MUMBAI – Despite having a high number of new coronavirus infections, India plans to slowly reopen in a bid to get its heavily hit economy back on track, as the number of daily infections rose to a record 8,782.
India is now the seventh most affected country by the pandemic, with 190,962 cases, 5,411 deaths and 91,866 recoveries. It stands precariously behind the United States, Brazil, Russia, Spain, the UK and Italy.
Various Indian states have reported surges in the number of daily cases. Maharashtra added 2,940 cases for a total of 67,655 and 2,286 deaths. Its capital Mumbai and suburbs, with 47,565, accounted for 73% of the state’s cases.
As the country battles the pandemic, data showed the economy was slowing even before the lockdown. Gross domestic product (GDP) grew by a meager 3.1% in the January-March quarter, from 4.1% in the quarter ended December 31, the government said on May 30.
Full-year growth slowed to 4.2% from 6.1% in the year ended March 2019. The outlook for the current year is worse.
India’s former chief statistician Pronab Sen told news website The Print that India could contract by 11.5% in the year to March 2021. He based his forecast on the lockdown ending on May 30, one month short of the new deadline of June 30.
Ironically, the agriculture sector helped support GDP numbers, while the manufacturing and construction sectors reported negative rates for the past few quarters.
Growing desperation, especially among those paid on a per-day basis or who have temporary jobs, as lockdown erodes their savings, may also have forced the government’s hand to ease restrictions earlier than they would have liked, say analysts.
India’s per capita income is low at US$1,777 with a skewed income disparity in favor of the ultra-rich.
On May 30, the government said it was easing activities in hotels, restaurants and other hospitality services, as well as shopping malls and places of worship in areas least affected by the virus and declared to be out of the so-called containment zone. It has not permitted restarting public transport or full employee attendance at offices.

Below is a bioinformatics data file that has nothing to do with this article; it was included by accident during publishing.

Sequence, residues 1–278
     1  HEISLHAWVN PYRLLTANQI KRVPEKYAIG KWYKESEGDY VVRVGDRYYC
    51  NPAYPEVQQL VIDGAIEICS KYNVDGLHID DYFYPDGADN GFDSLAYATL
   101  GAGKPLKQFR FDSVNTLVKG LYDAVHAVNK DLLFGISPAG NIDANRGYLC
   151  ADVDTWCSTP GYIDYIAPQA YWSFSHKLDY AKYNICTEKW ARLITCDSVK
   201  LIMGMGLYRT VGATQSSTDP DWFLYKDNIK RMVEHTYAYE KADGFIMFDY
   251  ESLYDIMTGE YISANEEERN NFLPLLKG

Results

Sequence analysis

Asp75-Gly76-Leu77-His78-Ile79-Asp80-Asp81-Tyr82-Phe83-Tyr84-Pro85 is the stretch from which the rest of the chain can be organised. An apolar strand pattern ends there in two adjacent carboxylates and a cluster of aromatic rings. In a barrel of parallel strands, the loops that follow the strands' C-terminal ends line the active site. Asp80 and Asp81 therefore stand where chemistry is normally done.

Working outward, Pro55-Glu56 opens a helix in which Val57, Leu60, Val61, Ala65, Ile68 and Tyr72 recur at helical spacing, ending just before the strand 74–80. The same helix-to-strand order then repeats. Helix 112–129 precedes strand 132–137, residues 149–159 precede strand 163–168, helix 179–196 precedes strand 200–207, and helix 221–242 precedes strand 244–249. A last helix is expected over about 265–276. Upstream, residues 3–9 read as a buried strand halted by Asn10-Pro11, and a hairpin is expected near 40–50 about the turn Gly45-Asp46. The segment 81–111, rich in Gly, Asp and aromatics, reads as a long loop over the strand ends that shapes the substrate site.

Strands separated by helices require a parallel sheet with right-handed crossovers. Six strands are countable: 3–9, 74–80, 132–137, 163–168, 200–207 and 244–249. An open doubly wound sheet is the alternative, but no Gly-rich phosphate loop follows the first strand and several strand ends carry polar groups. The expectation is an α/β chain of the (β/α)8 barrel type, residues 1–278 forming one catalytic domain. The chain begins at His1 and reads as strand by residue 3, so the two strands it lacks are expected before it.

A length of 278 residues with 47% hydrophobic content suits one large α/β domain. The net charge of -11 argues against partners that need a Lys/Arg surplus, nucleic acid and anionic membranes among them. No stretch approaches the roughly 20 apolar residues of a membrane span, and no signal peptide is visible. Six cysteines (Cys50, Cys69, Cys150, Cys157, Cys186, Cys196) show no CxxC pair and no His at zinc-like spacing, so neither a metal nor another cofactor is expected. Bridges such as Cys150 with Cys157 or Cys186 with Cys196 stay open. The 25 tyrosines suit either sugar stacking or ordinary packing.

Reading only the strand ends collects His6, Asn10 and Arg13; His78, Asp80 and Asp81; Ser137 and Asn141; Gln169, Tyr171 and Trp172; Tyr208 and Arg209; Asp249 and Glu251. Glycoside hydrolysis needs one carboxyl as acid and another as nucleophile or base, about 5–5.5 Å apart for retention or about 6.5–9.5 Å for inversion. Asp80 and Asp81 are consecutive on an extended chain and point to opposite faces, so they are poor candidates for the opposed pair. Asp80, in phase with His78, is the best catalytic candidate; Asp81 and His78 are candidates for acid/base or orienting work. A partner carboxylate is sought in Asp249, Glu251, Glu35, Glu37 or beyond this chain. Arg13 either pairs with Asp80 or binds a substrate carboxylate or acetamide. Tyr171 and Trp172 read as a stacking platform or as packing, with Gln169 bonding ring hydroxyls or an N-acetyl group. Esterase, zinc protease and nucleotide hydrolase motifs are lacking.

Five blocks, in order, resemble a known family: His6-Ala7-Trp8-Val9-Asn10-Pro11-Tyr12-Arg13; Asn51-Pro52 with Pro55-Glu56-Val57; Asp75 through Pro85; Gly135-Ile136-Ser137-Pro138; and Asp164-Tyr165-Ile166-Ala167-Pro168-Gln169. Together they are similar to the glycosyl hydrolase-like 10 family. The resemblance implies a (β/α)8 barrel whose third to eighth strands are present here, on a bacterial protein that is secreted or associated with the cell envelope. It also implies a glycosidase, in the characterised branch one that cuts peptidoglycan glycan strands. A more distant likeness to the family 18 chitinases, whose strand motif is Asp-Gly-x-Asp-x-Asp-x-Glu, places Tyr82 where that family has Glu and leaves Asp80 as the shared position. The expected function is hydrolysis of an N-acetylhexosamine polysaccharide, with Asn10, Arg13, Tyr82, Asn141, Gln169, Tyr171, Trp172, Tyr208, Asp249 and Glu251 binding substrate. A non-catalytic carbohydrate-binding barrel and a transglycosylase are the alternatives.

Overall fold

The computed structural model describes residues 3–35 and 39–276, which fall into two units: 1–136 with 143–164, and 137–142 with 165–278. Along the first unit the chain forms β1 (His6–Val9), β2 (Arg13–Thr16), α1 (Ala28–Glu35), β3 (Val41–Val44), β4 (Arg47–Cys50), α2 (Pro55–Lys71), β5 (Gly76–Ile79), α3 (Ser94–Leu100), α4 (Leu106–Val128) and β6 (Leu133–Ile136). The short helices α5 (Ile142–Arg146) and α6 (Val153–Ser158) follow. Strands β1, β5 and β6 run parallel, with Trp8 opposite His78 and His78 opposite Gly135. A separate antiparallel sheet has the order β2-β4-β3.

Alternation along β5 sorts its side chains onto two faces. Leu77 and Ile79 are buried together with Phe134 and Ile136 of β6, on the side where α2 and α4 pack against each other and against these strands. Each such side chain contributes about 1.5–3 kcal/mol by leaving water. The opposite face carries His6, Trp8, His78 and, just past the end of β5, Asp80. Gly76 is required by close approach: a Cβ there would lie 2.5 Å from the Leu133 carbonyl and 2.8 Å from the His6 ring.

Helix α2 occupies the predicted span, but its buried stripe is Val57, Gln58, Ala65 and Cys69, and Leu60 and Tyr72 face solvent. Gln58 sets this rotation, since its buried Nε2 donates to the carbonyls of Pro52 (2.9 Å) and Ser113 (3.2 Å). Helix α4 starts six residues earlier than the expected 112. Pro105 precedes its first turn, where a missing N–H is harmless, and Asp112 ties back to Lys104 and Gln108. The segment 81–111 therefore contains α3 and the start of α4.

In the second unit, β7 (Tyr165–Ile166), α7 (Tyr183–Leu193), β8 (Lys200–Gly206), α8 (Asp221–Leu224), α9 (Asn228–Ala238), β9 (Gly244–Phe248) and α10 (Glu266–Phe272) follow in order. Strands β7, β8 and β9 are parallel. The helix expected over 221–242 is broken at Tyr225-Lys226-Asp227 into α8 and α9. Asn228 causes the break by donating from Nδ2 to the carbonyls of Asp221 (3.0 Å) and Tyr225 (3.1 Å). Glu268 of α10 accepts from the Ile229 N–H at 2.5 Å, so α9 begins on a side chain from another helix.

The government laid out a roadmap to evaluate, from July, the opening of schools, colleges and other educational institutions based on feedback from state governments. Most schools and colleges across India resume in July. In areas with a high incidence of Covid-19 cases, it left the decision to reopen with state governments.
In the third phase, at an unspecified date, the government would evaluate restarting city railway services, international air travel, cinemas, bars, gymnasiums, swimming pools, gatherings for social, political, cultural, sports, academic and religious events. But not all states suffer the same threat from the virus.
Maharashtra, India’s most industrialized state and a key player in kicking off the revival of India’s economy, extended its lockdown until June 30. It conceded relaxations aimed at improving supplies, enabling citizens to go for exercise and permitting plumbers, electricians and motor mechanic to help people in need.
Government offices are allowed to have 15% of their staff working, while private business offices are allowed 10%. Municipal buses and suburban trains would remain closed except taxi services with restrictions.
Citing examples of countries that face rising numbers of cases, state chief minister Uddhav Thackeray explained his reasons for a cautious approach: “We don’t want to relax something and then revoke it. We have to take our next steps very carefully.”
Major states such as Uttar Pradesh, Madhya Pradesh and Tamil Nadu have extended lockdowns until June 30, while West Bengal decided to extend to June 15. Most states have permitted only a limited number of activities and stressed social distancing. Some have levied penalties for spitting.
States are focusing on containing the spread of the virus and are increasing hospital bed numbers and support staff to deal with any rises in the number of cases.
India has tried to revive its economy, which is forecast to contract for the first time in four decades, by offering a $265 billion package on May 12. The plan comprising mainly credit guarantees failed to please the business community. The government could not give direct cash support because its fiscal deficit is already high.
Opening the economy was also critical since the four-month-long monsoon season starts this month from southern India. While a widespread and sufficient monsoon is critical for the economy, it also makes it tough for any business to start afresh after more than two months of lockdown.